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Impostor syndrome is real and particularly affects high achievers

It particularly affects high achievers, especially female entrepreneurs

While impostor syndrome sounds like an affliction brought on by social media, it is a condition that was first recognised in the 1970s by psychologists Suzanne Imes and Pauline Clance.

While not an official diagnosis in the Diagnostic and Statistical Manual of Mental Disorders, impostor syndrome is acknowledged as a legitimate issue.

Defined as a psychological pattern that particularly affects high achievers, characteristics include being unable to internalise or accept success, attributing accomplishments to luck rather than to ability, and a fear that others will eventually unmask them as a fraud.

One demographic especially susceptible to it is high-achieving and successful women.

Said mindset coach Jillian Parekh, who has a degree in counselling psychology, conflict analysis and management: "Impostor syndrome is rampant among female entrepreneurs. Many question their capabilities and think that any success is a fluke, and often feel inadequate and unworthy.

"Female entrepreneurs specifically will downplay their success, over-consume information to feel like they know more, and constantly refine their work to make sure it is 'good enough'."

She added: "Sometimes this leads to overwork and burnout for more established entrepreneurs, but it can also lead to analysis paralysis and procrastination when they are just starting out."

There are ways to help work through this form of dysfunctional thinking and allow your self-worth and self-belief to catch up with achievements.

 • Find out where you are on the impostor scale

Start by taking the Clance IP Test to see where you rank and to what extent you are suffering from impostor syndrome.

It is designed to measure one's fear of evaluation, fear of not being able to repeat success and fear of being less capable than others.

 • Gender norms may contribute to impostor syndrome

Conventional gender norms do play a part in women feeling especially susceptible to impostor syndrome.

Ms Parekh singles out the subconscious programming that starts from young and naturally shapes one's belief system and definition of self-worth.

She said: "While the research shows that women and men suffer from impostor syndrome at varying degrees, women may feel more fraudulent because of experiences from childhood and societal/cultural norms and expectations with regard to how women should think and act.

"So many of us are taught as young women to be seen and not heard, not to boast about our accomplishments so others don't feel bad, and to base our worth on external validation instead of looking for it within ourselves."

 • Not all 'impostors' are the same

It is not unusual for women to experience both ends of the spectrum depending on the stage of their life.

For instance, tendencies to overconsume information and procrastinate tend to affect beginning stage entrepreneurs/career women and sometimes manifests as self-sabotaging emotions of feeling not good enough.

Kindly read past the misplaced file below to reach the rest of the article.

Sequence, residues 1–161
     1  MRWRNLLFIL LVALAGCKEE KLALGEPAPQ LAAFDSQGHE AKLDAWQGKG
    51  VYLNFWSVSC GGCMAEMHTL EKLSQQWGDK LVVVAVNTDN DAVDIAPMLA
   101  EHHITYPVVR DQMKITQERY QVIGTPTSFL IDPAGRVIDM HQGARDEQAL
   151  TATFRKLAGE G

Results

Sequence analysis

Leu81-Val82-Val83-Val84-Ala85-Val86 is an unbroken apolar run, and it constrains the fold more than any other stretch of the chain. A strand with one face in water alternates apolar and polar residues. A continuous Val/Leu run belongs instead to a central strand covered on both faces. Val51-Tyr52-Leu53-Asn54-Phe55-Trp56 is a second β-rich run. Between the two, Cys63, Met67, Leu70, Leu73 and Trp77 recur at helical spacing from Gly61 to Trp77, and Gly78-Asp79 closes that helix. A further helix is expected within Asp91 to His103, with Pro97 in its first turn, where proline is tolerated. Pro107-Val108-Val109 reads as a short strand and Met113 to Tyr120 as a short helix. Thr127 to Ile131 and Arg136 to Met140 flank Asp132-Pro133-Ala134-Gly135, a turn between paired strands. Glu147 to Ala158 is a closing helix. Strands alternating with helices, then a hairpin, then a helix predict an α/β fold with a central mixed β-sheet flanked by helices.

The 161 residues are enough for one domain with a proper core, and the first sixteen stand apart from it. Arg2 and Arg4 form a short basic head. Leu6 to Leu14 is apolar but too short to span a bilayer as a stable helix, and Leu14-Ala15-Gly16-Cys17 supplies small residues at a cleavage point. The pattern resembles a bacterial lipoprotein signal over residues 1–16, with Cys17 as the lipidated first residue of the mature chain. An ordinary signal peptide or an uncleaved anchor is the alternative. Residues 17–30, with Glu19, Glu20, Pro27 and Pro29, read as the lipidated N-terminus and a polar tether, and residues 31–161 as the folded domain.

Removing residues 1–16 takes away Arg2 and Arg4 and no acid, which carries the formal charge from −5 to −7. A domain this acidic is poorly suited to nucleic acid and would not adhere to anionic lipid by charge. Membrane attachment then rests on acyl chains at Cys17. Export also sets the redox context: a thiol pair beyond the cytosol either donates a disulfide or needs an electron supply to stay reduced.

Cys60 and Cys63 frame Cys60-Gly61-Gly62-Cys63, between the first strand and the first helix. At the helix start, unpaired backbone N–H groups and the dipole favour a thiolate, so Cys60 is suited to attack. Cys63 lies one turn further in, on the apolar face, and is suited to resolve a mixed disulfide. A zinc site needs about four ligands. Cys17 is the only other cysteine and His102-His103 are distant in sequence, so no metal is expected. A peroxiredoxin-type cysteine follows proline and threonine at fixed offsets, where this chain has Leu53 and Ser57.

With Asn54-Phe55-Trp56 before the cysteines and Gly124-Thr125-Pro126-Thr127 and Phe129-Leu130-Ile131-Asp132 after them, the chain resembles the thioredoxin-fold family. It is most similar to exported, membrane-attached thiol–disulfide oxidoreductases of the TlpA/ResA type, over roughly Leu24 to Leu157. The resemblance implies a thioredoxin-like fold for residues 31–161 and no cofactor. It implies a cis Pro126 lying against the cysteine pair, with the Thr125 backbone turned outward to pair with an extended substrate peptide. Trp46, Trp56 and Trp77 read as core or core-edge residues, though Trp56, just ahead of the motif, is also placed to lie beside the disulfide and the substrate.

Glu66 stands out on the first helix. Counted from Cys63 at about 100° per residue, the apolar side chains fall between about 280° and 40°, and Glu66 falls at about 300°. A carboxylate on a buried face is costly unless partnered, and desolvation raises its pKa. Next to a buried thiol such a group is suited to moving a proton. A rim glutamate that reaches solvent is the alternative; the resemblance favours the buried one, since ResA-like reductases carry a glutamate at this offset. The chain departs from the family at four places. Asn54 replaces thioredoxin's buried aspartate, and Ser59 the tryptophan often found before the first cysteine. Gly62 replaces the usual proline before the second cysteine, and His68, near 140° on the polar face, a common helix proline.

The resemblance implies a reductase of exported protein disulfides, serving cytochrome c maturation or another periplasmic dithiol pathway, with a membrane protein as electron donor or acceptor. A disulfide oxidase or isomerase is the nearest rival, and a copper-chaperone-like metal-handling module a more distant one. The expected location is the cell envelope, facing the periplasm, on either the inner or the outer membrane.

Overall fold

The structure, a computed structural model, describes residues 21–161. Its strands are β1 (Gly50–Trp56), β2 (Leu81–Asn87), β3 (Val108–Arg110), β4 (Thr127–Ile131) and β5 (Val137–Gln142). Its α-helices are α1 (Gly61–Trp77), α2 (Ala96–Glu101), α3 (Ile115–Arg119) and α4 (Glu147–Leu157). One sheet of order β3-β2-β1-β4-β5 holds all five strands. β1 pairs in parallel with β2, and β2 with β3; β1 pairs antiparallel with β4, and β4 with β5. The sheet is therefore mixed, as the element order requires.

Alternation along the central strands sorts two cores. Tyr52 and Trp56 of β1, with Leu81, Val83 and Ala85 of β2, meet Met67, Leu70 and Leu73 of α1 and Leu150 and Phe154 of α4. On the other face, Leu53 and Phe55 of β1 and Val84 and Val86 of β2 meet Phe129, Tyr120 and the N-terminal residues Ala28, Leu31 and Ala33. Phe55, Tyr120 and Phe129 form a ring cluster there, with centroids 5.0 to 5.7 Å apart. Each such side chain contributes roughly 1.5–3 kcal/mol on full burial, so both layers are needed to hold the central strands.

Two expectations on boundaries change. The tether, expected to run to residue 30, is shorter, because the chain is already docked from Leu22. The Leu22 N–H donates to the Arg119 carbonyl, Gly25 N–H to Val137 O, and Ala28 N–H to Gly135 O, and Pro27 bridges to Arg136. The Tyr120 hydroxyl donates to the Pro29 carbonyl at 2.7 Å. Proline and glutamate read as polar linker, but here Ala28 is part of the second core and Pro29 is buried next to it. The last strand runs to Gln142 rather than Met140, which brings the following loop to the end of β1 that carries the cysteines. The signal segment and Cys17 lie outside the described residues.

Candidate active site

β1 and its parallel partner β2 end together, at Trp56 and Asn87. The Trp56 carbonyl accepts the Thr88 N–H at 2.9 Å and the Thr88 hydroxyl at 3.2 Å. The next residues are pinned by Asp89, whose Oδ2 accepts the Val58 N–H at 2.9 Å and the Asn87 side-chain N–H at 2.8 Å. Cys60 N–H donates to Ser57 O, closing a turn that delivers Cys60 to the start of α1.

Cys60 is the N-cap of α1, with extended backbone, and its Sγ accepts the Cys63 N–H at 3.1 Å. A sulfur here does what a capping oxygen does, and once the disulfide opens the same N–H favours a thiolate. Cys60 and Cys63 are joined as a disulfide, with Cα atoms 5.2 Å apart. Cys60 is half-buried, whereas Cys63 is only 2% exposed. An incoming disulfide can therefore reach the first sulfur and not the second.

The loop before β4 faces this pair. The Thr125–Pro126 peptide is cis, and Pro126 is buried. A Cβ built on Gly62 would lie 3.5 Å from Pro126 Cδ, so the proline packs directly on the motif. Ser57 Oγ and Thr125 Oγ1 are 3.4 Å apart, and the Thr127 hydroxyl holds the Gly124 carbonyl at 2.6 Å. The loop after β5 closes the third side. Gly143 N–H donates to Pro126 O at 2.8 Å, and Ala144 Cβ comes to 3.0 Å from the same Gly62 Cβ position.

The senior manager who always comes across as a superwoman?

Ms Parekh cautions that she might be that way because she never feels good enough and continually seeks external validation.

Another telltale sign? Extreme emotional highs and lows depending on if she feels like she is doing well or poorly.

 • The root of impostor syndrome

As with most dysfunctional behaviours, the negative patterns usually take root from childhood.

While working through the past can be messy business, it is also a reservoir of solutions, and when done right, can permanently bring about positive changes.

Ms Parekh said: "I like to remind my clients that when they are feeling low and negative towards themselves, to envision themselves as their childhood self, inherently worthy without the need to perform or produce for external validation.

"Overcoming impostor syndrome is routinely challenging your negative thoughts and subconscious programming with factual evidence and the understanding that these thoughts and feelings are not factual, they are simply stories you are allowing to stand in the way of what you truly want to achieve."

Simple strategies to deal with impostor syndrome:

Keep an accomplishment journal

Read or update it on a daily basis. People who suffer from impostor syndrome are always looking at what they have to accomplish to be good enough instead of assessing the evidence as to why they already have so much to be proud of.

Name your inner impostor

Give this persona a different name than your own so you can decipher between yourself and your negative thoughts. By doing this, you can monitor what things "she" says to you on a daily basis, specifically around worthiness and the work you are producing. And whenever a negative thought creeps in, ask yourself - is this me, or is this her?

Keep a journal or start voice notes

This will help you become aware of how negative and subconscious your thoughts are and you can work to shift these beliefs.

Practise belief-bridging

The brain will do what it is told, so if you tell yourself - "I am not a good public speaker" - this does not leave room for the brain to think otherwise and it will look for evidence to support this belief. Try to think: "I am open to seeing how I can be a good public speaker."

This will give you a subconscious reason to look for evidence to support this belief through conscious thought.

This article was first published in Her World Online (www.HerWorld.com).

Employment